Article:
Another old classic but for good reason. Mums around the country will be enjoying guilt-free chocolate treats on Mother's Day and rightly so. There are plenty of brands and varieties these days that pay special attention to healthy eating, allergies, fair trade farming principles and organic ingredients. Plus, every mother is bound to have her favourite type of chocolate, so she'll be chuffed to be able to tuck into some of that come Mother's Day.
Mother's Day Hamper
Food or drink hampers offer a very gorgeous way to present your mother with all her favourite treats. You can make your own by picking up some of her favourite wine, cheeses, pickles, crackers and some chocolates and decorate a simple basket with some tissue paper and ribbons. If creativity isn't your strong point there are plenty of delicatessens, online shops and even florists that will tailor-make a hamper for you and have it beautifully decorated and delivered to you or straight to you or your mum's house in time for Mother's Day.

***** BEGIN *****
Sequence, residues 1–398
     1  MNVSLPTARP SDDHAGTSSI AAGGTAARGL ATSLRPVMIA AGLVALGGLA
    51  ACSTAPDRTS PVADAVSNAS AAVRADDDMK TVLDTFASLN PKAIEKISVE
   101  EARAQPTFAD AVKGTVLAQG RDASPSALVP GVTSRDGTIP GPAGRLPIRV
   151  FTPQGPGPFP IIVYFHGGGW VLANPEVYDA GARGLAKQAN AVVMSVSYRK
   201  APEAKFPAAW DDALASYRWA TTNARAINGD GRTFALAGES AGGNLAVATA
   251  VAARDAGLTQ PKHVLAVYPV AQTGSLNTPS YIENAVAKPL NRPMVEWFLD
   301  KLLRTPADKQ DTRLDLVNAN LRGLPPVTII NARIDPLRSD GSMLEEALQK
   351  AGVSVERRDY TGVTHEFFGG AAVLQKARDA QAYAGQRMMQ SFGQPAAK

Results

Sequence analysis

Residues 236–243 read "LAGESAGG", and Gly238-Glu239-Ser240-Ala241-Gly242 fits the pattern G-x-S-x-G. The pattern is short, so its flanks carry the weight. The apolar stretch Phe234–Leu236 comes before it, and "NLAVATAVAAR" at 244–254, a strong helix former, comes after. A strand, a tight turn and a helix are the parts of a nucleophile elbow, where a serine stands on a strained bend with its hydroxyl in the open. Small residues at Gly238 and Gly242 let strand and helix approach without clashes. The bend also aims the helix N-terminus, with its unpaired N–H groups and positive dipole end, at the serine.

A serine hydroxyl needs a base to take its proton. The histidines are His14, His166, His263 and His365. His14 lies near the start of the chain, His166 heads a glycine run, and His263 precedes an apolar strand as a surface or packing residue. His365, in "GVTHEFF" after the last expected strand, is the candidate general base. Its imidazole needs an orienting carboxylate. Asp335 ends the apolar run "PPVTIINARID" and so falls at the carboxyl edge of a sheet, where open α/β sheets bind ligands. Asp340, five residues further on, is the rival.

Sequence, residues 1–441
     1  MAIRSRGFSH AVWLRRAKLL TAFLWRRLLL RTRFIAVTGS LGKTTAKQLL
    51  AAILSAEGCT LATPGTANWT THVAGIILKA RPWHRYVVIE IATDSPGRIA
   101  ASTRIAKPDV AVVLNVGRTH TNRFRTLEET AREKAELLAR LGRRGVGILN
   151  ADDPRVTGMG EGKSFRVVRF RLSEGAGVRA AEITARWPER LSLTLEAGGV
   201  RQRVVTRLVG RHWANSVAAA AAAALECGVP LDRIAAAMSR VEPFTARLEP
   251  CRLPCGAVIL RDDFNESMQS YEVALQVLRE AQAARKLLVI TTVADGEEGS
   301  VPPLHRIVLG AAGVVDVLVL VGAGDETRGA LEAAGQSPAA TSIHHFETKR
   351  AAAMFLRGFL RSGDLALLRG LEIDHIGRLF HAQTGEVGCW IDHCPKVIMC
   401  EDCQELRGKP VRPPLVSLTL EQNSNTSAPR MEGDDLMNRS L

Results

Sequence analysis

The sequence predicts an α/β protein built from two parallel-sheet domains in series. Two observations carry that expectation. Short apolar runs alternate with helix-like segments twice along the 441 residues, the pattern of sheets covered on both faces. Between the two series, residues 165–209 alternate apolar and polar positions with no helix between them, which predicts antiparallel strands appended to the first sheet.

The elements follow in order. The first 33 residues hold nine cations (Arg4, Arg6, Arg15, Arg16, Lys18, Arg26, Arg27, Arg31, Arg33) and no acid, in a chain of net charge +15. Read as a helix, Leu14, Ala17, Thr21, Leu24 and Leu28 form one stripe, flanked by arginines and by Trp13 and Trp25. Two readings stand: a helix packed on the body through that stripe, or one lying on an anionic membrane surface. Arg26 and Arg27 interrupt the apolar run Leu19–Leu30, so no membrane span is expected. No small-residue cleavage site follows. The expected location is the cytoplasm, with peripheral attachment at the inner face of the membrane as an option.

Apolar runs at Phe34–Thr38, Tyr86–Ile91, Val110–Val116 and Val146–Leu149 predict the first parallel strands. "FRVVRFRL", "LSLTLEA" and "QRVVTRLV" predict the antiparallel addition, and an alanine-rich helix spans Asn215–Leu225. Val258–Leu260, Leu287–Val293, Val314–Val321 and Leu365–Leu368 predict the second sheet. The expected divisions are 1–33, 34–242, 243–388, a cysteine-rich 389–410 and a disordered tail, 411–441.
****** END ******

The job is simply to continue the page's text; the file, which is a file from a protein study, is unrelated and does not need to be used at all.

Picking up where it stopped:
A Day Of Pampering For Mother's Day
A trip to the health spa and personal ... treatments from expert professionals may once have been the preserve of the rich and famous, but not any more. There are plenty of affordable ways to organise the pampering experience your mother deserves and Mother's Day is the perfect excuse. Many reputable health spas and beauty treatment centres will offer gift vouchers so you don't need to pinch your mum's diary to plan the surprise, she can simply book in at a date to suit her, so all the hard work will be done for you.